EAIC says recommended punishments not always followed

Source: The Malay Mail Online

EAIC chief Datuk Yaacob Md Sam — Picture by Mohd Yusof Mat Isa
EAIC chief Datuk Yaacob Md Sam — Picture by Mohd Yusof Mat Isa

KUALA LUMPUR, May 8 — The Enforcement Agencies Integrity Commission (EAIC) has complained that although no disciplinary body has ever challenged its recommendations for disciplinary action, there were times when rogue officers facing punishment were let off with a mere slap on the wrist.

EAIC chief Datuk Yaacob Md Sam said the oversight commission typically leaves it to the disciplinary boards to exercise their discretion in meting out the appropriate punishment after taking into account the mitigating factors — which the EAIC itself has no benefit of hearing.

“The only thing we are concerned about is that too lenient punishment is sometimes being imposed,” he was quoted as saying in an interview by local daily The Star.

“For example, when we have recommended a six-month suspension of the officer’s emolument (salary and allowances) — which will affect your seniority, be recorded in your file and affect your chances for a promotion — they come back and say they are only cautioning the officer!” he said, adding that such overly-lenient punishments would not serve as a deterrent to other officers.

Noting the EAIC members’ concern over such lenient punishments that “differ too far from the Commission’s recommendation”, Yaacob said they had in March written to the Chief Secretary of the Government to express their displeasure.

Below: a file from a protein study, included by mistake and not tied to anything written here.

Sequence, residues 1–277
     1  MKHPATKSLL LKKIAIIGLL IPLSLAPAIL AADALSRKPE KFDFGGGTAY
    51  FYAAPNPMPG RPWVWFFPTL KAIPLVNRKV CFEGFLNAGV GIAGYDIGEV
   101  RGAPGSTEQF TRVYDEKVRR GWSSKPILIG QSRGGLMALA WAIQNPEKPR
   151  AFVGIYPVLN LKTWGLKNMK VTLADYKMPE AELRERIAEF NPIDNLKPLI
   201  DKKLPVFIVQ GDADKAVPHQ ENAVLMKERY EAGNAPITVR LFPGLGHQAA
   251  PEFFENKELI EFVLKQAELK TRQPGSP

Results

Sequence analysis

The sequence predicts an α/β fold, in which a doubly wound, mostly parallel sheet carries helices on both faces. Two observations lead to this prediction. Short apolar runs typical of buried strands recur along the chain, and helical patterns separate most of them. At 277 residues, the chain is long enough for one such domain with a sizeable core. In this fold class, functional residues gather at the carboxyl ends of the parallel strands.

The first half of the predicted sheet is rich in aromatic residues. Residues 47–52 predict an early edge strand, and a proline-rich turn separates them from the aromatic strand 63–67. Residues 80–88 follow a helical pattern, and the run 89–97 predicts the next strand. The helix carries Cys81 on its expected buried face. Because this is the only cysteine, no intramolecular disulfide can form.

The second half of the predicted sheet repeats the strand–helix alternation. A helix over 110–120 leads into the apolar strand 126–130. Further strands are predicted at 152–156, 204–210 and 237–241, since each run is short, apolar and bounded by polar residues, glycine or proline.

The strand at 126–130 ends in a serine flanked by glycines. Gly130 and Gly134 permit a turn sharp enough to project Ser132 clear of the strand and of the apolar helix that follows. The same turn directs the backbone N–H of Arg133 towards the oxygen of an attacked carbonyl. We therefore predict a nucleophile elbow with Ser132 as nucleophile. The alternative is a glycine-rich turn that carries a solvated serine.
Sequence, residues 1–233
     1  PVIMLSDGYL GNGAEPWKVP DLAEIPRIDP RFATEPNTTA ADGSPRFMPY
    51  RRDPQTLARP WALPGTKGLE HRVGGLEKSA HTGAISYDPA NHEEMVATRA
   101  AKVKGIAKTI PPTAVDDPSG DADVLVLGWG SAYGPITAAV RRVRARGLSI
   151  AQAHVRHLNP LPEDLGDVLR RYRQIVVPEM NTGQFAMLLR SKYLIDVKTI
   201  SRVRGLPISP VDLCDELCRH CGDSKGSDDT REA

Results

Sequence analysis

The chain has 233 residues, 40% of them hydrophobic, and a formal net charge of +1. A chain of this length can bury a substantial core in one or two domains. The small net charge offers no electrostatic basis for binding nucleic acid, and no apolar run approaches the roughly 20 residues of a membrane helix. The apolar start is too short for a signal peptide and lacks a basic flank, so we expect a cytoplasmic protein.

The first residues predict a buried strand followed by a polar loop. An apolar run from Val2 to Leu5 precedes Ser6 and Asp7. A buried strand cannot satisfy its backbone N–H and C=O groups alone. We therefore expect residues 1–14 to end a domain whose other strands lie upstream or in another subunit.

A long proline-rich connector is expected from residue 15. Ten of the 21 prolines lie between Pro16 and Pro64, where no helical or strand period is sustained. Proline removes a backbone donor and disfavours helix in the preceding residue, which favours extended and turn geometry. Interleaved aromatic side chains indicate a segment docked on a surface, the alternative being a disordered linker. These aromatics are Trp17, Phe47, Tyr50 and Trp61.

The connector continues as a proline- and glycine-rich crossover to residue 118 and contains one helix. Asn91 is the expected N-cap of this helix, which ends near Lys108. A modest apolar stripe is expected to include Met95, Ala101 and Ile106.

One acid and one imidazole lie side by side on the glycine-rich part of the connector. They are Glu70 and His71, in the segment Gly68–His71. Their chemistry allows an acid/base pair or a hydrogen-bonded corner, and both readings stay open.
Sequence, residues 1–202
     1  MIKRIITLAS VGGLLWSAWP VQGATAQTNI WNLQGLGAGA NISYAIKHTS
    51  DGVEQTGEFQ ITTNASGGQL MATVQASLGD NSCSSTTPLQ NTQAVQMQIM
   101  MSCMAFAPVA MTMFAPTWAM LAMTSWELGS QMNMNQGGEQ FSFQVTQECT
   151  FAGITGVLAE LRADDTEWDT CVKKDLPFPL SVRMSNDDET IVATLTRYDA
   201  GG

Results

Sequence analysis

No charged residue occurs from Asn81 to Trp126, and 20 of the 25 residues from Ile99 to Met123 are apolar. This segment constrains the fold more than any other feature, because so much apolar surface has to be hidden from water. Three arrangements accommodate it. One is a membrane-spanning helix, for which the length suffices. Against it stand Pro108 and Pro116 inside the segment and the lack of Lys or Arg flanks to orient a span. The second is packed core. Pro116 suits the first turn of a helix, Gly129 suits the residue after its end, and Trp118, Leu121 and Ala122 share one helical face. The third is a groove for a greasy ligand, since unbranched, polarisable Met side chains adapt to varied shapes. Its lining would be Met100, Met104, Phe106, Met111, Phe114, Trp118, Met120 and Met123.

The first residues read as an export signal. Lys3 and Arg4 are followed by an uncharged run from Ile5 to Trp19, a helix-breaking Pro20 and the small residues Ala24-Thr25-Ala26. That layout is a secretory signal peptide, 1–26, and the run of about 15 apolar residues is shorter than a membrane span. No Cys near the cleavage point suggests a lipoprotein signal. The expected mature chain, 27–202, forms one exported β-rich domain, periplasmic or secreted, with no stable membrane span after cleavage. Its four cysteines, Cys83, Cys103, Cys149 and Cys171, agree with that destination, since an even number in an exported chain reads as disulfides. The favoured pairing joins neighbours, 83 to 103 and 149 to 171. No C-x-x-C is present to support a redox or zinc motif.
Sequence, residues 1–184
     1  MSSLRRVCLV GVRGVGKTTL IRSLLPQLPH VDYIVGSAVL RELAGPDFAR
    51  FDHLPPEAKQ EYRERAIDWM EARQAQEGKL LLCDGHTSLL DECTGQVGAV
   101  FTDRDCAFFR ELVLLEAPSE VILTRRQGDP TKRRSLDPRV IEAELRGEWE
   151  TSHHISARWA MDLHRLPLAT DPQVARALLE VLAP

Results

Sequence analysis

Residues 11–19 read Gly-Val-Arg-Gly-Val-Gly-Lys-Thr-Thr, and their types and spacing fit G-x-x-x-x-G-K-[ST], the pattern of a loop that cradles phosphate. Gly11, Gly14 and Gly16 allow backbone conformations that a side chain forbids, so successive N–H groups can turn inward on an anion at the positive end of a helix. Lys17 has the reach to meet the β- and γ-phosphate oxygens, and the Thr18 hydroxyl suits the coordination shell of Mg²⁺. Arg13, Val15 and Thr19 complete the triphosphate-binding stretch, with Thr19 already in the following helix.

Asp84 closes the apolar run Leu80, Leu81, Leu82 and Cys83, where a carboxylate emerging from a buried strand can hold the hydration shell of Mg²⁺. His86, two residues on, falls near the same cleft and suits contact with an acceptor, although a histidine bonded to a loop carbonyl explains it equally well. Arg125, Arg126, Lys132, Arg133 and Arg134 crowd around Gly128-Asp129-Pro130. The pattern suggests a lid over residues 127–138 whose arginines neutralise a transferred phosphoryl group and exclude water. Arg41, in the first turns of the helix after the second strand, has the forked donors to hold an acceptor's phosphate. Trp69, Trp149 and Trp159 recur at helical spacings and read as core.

The Cabinet had last July told the Chief Secretary to issue a circular directing the head of all disciplinary boards to inform the EAIC of disciplinary action taken, Yaacob said.

He said the EAIC had also requested for proposed amendments to the EAIC Act to make it mandatory for the commission to be notified of disciplinary action taken.

According to Yaacob, 66 recommendations for various disciplinary actions on government officers have been made by the EAIC after going through 50 investigation papers during the period of 2012 to April 2016.

EAIC statistics during this time showed that there were five cases where no further action was taken by the respective disciplinary authorities, nine where a caution letter was issued, seven where a warning letter was issued, two where a day’s pay was docked, and one where a fine of RM150 was imposed.

As for the other 42 cases out of the 66 recommendations, the disciplinary authorities are still in the process of taking action, the data published by The Starshowed.

Yaacob acknowledged the negative perception of the EAIC, noting that the public feels the commission lacks the power to punish wrongdoers, while government officers feel that the commission was formed to find fault with them.

But Yaacob said the situation has changed tremendously for the commission, which had only opened one investigation paper and made one recommendation to a disciplinary authority in 2012.

“Previously, we didn’t have enough investigation officers. Now we are almost at full capacity. We have 78 posts, of which 72 have been filled. The balance of six open posts are to be filled by officers seconded from MACC and AGC,” he said.

He also spoke of the advantage that the EAIC currently has with officers who know about court procedures and the applicable laws as well as taking statements, noting that 12 of the officers handling complaints and investigations were previously lawyers and a total of 28 officers hold law degrees.

Yaacob spoke of the challenge that the EAIC faced with complainants who sometimes withdrew their complaints midway through its investigations, which he said meant the EAIC would only be able to recommend ways to strengthen an agency’s procedures instead of disciplinary action.


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